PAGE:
Off to the left is a small road that climbs a hill to a pretty neat dispersed campsite. The road is a loop that descends back to the main trail. There was a fire ring here and great views of the Oro Valley.
Turn left for the "Unsurvivable" obstacle bypass route. "Unsurvivable" is the one of the most iconic obstacles of the Charoulea Gap trail. "Unsurvivable" was jackhammered by the USFS to improve wildfire fighting access back in 2010, and it's easier to get up now, but still challenging and intimidating. This is the Bypass route to the left, and even the bypass is tough, with big boulder climbs, and a tight turn to the right that must be navigated. The bypass is about 150 yards from the obstacle and comes out just above it at Waypoint 12.
Here it is! The obstacle everyone tests their courage on. But it's not as hard as it seems. It was once much worse than today. Nature is slowly returning this obstacle to what it once was, pre-2010. If you approach slowly and put your passenger tire in the groove to the right, you can climb right up this obstacle. If you are unlucky and put your tire too far to the right, you can easily roll over into the crack. This is a good location to use a spotter. ROLLOVER DANGER!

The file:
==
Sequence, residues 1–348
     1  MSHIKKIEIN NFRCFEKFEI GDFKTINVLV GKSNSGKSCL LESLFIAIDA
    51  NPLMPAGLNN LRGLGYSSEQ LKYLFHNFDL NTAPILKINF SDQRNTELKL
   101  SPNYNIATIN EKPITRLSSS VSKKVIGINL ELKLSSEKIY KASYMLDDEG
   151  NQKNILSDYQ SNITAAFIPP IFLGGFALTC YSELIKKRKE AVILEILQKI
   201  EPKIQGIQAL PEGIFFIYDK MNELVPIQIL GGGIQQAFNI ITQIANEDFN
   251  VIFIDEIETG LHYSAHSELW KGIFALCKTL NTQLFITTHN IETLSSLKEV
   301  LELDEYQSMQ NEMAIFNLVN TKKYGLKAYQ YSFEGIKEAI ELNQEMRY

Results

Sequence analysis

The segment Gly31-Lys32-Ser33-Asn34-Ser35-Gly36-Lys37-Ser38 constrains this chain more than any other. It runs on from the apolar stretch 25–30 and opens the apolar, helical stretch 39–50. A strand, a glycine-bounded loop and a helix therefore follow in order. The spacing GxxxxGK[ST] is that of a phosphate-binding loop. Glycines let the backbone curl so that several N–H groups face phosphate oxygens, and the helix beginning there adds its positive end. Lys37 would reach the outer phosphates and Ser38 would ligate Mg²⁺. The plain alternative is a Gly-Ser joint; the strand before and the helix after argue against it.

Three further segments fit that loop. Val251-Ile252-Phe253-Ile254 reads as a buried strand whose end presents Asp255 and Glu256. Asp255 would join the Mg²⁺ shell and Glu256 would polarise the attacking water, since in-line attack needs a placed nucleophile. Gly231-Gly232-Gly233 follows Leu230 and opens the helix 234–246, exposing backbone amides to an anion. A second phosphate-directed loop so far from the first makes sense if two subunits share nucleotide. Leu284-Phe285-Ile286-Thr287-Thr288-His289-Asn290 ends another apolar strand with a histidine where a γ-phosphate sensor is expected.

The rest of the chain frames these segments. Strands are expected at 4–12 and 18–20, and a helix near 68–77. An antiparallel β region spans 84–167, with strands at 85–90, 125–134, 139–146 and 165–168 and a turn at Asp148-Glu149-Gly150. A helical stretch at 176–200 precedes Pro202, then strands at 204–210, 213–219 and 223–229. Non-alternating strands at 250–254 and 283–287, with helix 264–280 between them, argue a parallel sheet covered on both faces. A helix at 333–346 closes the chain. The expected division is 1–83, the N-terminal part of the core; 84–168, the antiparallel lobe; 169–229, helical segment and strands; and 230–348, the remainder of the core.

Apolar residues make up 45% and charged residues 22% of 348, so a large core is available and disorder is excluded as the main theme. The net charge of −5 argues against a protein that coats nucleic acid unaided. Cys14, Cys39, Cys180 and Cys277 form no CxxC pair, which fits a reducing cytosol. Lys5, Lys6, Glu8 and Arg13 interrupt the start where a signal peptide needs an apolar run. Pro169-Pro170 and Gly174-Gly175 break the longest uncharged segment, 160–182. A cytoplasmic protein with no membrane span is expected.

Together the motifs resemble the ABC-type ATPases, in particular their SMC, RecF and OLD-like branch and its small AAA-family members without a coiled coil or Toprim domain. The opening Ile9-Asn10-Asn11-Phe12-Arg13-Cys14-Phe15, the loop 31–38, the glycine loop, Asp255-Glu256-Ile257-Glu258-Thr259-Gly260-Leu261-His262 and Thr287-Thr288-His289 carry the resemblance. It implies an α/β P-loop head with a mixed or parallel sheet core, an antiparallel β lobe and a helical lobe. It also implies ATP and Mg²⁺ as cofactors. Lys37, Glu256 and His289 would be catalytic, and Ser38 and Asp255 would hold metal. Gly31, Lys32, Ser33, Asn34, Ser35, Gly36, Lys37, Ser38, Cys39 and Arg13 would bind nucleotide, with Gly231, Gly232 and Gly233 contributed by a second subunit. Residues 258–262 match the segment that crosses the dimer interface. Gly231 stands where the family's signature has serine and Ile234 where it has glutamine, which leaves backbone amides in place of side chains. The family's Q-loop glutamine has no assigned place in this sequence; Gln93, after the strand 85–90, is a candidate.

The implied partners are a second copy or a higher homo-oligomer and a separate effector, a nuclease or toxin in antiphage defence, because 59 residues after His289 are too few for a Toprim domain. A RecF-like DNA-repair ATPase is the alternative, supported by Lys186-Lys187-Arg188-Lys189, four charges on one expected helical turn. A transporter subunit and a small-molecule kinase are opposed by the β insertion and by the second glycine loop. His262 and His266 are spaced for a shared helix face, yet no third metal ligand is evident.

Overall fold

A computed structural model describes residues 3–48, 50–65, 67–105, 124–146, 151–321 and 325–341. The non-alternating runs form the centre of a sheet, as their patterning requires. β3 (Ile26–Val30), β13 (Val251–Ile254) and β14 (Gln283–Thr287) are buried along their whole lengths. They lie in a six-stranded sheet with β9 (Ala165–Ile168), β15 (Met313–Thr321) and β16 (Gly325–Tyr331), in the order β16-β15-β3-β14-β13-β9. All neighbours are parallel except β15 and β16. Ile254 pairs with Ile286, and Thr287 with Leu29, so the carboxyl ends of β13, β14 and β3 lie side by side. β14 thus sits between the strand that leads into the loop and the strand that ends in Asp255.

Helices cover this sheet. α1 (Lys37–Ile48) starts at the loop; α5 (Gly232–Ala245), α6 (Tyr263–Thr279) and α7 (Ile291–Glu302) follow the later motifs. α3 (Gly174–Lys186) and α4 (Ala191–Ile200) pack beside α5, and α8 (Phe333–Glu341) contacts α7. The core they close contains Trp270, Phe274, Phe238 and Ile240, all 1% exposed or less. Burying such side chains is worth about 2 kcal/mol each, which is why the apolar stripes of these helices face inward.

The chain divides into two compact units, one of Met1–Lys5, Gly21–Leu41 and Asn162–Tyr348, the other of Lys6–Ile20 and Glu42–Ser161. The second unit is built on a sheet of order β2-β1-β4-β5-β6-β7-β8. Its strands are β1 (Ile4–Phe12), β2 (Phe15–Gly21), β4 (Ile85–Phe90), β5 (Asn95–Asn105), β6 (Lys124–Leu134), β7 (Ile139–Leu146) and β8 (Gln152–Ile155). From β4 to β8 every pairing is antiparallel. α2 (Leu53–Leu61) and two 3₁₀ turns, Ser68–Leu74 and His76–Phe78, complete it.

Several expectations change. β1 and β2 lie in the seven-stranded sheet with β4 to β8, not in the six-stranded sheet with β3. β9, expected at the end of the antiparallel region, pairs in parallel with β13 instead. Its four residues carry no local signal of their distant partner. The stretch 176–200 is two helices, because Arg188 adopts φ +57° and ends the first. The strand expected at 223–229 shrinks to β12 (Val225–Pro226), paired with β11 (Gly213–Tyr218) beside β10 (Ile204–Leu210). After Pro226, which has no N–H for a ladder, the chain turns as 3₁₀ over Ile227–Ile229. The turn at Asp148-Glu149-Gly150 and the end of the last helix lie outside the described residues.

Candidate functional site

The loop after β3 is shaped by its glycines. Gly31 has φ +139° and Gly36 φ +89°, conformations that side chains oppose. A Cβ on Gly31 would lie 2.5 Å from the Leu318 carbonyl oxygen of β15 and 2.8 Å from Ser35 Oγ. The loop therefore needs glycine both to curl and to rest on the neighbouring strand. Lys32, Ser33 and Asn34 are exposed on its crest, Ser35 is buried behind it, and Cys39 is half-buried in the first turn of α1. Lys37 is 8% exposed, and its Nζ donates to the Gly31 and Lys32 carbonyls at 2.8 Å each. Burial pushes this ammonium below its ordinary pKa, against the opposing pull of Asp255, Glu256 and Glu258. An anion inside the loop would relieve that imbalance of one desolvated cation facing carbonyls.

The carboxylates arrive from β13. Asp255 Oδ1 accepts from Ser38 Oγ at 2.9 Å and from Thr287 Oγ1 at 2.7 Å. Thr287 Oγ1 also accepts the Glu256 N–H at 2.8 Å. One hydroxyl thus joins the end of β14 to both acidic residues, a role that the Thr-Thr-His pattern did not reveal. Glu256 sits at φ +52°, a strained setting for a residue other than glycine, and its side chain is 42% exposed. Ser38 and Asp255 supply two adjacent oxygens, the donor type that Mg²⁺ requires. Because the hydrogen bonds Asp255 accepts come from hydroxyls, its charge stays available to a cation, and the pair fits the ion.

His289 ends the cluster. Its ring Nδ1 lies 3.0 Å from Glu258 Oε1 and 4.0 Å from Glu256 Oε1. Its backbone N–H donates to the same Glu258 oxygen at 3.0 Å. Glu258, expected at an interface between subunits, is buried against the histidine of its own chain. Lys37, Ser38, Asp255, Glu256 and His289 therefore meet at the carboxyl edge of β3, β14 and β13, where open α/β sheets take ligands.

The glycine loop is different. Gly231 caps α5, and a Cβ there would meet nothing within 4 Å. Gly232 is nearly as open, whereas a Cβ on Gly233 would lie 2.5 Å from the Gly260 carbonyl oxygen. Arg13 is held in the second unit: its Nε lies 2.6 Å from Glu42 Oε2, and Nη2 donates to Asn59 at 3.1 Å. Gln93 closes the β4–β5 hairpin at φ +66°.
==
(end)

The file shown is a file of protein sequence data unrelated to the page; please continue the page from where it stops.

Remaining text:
The Unsurvivable bypass rejoins the trail up here near a cattle guard. The bypass comes in from the left (west) There is very limited foliage to hide behind should you need an undergarment change after the obstacle. But, the cattle guard is a good landmark that you have completely cleared this obstacle.
Two Forest Service roads intersect with FR#736 here in a rather large confusing intersection. FR#4432 is the first you encounter which heads off to the south and dead ends at Cherry Tank. About 150' further up (Stay straight) FR#4496 heads off to the west/Northwest. The top shows this road heading all the way back down to civilization in Catalina, and also linking up with FR#4495, you can explore this road if you care to. Both roads are clearly marked.